– In the West (in the USA, England in particular) there is a direct interest in realism as a tool for social construction. Maybe it has been changed slightly now but it has been vivid for the last forty years. Tatiana Venediktova mentioned here that there is a certain set up of conventions and agreements about how things are and should be in the world which is drawn upon and forced by realist texts. I can name here Franco Moretty with his book “The Way of the World: The Bildungsroman in European Culture”. Other prominent practitioners are Nancy Armstrong who writes about Victorian fiction and Margaret Cohen who writes about French tradition. All three of them as well as others scholars are quite interested in the process in which literary texts reinforce the reality. If you open the journals like “Novel” which is one of the leading journals now especially in Victorian fiction you will find a lot of works thinking of novels through the prism of Marxist or Freudian theories for example. Currently Giorgio Agamben becomes important as well as late Michel Foucault who writes about biopower. You see that grand social theorists become important thinkers for theorists of the novel. To my mind this broad swiping of theoretical paradigms is not so popular in Russia. Russian scholars do amazing work but their research tend to be more specialized, oriented to subtext which is a venerable Russian tradition. The most cutting edge theoretical journals in the States would not be very interested in such specialized works, they would prefer to publish something broader for better or for worse. I think it is partly because there is an idea that a larger number of people will read such articles whereas only few specialists are interested in more oriented Russian-style works. Also what matters here is an assumption that people in Russia have a very solid background and broader works would not be exotic. The reason for this difference is two distinct educational systems. In Russia you start your BSc already as a philologist and stay in philology for four years which is very different from an American model. There you have a major what means that you will have from four to eight courses in the field, but other courses will be from totally different spheres. It is so called liberal arts system. As the result American students do not have the same kind of mental background as Russians do.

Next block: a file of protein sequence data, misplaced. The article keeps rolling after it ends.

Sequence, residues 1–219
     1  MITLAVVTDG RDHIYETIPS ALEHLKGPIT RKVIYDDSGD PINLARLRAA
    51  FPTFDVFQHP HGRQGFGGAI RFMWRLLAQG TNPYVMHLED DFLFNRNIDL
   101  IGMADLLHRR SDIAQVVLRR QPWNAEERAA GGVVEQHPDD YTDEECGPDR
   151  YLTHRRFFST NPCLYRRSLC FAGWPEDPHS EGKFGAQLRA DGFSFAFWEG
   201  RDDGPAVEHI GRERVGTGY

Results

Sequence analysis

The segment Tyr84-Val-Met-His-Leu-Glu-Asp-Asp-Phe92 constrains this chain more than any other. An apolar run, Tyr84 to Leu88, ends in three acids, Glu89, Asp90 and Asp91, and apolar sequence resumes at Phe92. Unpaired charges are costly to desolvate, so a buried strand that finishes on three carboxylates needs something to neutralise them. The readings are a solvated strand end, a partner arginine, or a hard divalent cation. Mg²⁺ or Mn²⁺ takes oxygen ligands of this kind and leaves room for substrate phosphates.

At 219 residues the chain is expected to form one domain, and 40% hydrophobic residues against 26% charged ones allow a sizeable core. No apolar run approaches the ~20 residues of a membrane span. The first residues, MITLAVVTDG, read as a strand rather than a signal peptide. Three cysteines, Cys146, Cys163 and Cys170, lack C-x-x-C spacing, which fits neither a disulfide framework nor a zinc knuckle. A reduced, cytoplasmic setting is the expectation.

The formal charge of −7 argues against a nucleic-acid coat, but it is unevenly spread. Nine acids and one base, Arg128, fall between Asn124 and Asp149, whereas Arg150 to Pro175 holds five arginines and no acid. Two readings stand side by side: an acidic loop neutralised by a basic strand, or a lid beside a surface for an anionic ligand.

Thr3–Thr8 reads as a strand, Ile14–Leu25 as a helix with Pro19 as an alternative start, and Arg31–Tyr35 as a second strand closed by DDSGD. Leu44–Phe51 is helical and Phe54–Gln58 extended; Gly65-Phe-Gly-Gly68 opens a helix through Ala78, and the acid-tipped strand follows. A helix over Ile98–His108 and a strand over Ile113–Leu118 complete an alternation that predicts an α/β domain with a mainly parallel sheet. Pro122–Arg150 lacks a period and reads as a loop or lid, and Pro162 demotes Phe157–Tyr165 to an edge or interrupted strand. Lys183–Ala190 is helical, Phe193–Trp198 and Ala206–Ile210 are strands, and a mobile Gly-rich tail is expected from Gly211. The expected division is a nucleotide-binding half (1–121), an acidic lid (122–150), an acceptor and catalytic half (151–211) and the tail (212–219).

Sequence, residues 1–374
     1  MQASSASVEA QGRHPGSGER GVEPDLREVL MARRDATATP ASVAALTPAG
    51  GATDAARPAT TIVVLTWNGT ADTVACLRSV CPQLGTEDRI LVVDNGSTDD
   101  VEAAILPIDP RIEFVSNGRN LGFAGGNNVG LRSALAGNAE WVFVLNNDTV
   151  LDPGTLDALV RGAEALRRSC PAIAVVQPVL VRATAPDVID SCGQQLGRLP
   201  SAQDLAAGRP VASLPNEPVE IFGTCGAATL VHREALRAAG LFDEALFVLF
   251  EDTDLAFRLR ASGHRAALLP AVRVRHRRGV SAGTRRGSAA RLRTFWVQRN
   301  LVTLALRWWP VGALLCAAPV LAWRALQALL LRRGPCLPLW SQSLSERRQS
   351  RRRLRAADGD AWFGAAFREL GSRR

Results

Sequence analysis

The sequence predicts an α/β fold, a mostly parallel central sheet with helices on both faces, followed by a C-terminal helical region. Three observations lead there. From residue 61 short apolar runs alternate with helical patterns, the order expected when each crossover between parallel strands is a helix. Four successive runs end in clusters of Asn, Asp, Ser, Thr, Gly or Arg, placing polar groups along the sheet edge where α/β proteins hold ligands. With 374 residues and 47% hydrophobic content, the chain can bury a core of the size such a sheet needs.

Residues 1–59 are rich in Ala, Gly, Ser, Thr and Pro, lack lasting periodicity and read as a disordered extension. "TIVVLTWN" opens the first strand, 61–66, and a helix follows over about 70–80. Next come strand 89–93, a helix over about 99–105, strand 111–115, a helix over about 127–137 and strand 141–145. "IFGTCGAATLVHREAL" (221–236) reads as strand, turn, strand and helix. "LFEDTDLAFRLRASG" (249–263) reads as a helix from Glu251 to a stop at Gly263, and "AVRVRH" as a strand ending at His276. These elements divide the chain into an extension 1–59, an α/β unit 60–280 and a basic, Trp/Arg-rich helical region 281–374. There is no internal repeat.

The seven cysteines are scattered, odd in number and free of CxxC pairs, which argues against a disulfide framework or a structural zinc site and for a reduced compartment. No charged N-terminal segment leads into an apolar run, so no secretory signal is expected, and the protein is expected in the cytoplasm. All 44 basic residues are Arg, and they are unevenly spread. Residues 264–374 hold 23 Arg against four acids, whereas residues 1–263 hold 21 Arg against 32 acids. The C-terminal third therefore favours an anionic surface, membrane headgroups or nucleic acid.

– Does this conference format help the participants in the development of their own research?
– Very much it helps. I have full notebook of notes and ideas to think about. There were many references that people brought out that I have not heard about before. This conference has been extremely productive for me and I hope that for others as well. One of the nicest things is that conversations continue outside this room. In the big conferences you have very little time for discussion which is not the case here.